However, when it comes to ROI he was spewing some class-A nonsense and even as recently as June 2013, he posted a video saying the same thing.

The comedy is priceless. “When everyone always says to me, what’s the ROI of Social Media? Some of you heard this from me, I always say, What’s the ROI of your Mother?” Funny, right? Hilarious! However, I think even Gary knows this comes from a place of not understanding how Corporate America works. In a TechCrunch interview just the month before, Gary discusses how he is overcoming this blind spot. “I built a small family business to a $60 million dollar business. I’m an entrepreneur. I know how to make money at a small level. This corporate America thing was a blind spot to me as a businessman. I started Vayner[Media] to learn it.”

In Corporate America, marketers can’t make arguments like “what’s the ROI of your Mom?” and win. At best, they will get laughed out of their executive’s office, at worst, they’ll get fired. This type of statement is disrespectful to the people who hold the purse strings for social media investment. In a sense, it tries to make them feel stupid for asking. I think we all know that insulting executives isn’t going to get them excited about the potential that social media holds for their company.

Ultimately, I think Gary is gaining a better understanding of Corporate America and how much the bottom-line really matters for social media investment. First, he wrote the book The Thank You Economy. By including economy in the title it eludes to some kind of financial return for all of this social media activity. In that same TechCrunch interview, he says, “99.5 percent of the people that walk around and say they are a social media expert or guru are clowns…have no business sense…talk about getting a Twitter follower and a Facebook follow.” He continues with “we are going to live through a devastating social media bubble…these people are hiring people that are not qualified. They have no idea how to turn it into an actual sale.” Ding…ding…ding…While I won’t argue the validity of social media experts and their business experience in this post, I believe that understanding business and how to turn social media into sales is a critical component for truly getting to social media ROI.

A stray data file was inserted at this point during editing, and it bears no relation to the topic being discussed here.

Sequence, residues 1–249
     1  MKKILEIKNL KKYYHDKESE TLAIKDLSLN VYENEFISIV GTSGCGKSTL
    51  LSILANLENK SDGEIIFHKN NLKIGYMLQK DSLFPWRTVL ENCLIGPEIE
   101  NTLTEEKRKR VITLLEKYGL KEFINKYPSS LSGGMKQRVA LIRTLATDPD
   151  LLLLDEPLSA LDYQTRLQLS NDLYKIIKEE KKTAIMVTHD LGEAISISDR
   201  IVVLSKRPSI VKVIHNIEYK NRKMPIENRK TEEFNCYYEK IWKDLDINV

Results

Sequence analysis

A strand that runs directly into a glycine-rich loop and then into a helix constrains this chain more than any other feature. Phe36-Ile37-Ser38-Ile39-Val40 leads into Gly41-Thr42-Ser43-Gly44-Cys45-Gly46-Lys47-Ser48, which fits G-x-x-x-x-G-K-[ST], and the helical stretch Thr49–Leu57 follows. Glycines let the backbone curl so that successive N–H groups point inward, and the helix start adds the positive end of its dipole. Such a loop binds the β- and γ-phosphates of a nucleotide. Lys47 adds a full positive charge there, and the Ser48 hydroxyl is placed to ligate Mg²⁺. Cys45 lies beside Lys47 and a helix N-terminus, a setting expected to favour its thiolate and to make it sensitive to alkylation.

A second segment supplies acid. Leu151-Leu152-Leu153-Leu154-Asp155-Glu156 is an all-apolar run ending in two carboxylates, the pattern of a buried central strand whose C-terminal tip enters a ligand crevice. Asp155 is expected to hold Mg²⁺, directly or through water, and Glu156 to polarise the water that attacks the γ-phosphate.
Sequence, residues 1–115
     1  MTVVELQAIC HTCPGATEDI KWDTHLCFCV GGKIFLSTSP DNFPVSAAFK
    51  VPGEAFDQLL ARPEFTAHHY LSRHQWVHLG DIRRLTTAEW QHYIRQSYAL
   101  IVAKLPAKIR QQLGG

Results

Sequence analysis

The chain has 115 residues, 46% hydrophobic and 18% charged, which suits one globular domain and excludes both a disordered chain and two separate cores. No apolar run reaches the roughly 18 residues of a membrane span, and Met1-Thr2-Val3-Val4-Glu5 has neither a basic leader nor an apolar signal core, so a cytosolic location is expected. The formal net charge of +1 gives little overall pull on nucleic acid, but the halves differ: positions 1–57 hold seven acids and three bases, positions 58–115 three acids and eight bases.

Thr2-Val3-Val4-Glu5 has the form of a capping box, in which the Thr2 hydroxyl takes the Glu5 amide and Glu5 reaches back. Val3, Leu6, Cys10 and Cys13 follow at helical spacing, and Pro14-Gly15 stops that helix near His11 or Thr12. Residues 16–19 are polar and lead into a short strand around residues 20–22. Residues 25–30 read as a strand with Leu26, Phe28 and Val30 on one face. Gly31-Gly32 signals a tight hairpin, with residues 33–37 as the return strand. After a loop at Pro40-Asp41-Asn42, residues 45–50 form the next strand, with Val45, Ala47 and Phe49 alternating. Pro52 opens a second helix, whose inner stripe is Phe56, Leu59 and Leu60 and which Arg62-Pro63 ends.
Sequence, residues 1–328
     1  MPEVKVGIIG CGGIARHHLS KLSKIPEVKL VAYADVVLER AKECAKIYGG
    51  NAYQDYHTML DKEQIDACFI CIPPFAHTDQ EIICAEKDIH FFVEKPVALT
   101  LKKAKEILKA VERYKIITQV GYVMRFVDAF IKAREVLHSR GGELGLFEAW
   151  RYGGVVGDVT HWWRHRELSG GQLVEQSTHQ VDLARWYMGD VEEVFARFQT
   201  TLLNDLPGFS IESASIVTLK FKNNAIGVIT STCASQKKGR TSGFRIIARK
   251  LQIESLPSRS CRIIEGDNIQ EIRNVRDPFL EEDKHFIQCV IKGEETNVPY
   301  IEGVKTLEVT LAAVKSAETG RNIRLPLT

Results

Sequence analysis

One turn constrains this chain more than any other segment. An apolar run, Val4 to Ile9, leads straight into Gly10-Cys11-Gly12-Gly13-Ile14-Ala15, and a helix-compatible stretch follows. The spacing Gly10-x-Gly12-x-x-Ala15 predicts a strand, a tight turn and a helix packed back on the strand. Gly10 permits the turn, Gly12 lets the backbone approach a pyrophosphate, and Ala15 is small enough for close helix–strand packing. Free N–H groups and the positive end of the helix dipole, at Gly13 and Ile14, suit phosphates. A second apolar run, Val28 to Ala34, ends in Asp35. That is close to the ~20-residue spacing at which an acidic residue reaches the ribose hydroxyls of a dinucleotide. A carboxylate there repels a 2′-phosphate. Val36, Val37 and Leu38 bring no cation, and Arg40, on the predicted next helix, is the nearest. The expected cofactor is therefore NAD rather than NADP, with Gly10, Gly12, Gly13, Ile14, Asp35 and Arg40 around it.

The timing of these two videos is really interesting since the video of Gary saying, “what’s the ROI of your mother” comes a month after the TechCrunch interview. So my guess is that ROI is an internal debate that Gary is still having with himself.

The answers for social media ROI don’t have to be this hard. We don’t have to make up ridiculous arguments to try and avoid the ROI question. Rather, we need to start talking about how to add engaging in social media as a data element in a prospect and customers record within CRM or the Enterprise Data Warehouse so we can start to do some really interesting analysis. Executives don’t always need to know what the exact ROI is going to be before they make investments, they simply want to know that there is a clear path to be able to measure it after the fact. They want to know that their marketers know what core business metric they are trying to impact and that they have a system in place for being able to get the data. Sometimes, we don’t know where the true gold for social media is until we actually start measuring it in a holistic way. Measuring social media in a way that allows us to make comparisons for what happens with the audience who engages in social media and what happens with those that don’t. What’s the level of improvement when social media is involved? The key is to be able to measure social media against a control group of non-social media users.

For customers this could be an analysis of spending, retention and customer service costs. For revenue generation this could be an analysis of conversion rates, costs for customer acquisition, sales volume and the lifetime value of a customer.

Instead of trying to argue that measuring ROI is stupid, let’s start measuring it and let the numbers speak for themselves.

What kind of questions are your executives asking about social media ROI? What kind of data are they looking for? Have you been able to show social media ROI? If you are an executive what data do you want to see from social media? Add a comment so we can have a real conversation about the questions marketers are faced with so we can get to the bottom of the ROI debate. 

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About the Author

Nichole Kelly
Nichole Kelly is the CEO of Social Media Explorer|SME Digital. She is also the author of How to Measure Social Media. Her team helps companies figure out where social media fits and then helps execute the recommended strategy across the “right” mix of social media channels. Do you want to rock the awesome with your digital marketing strategy? Contact Nichole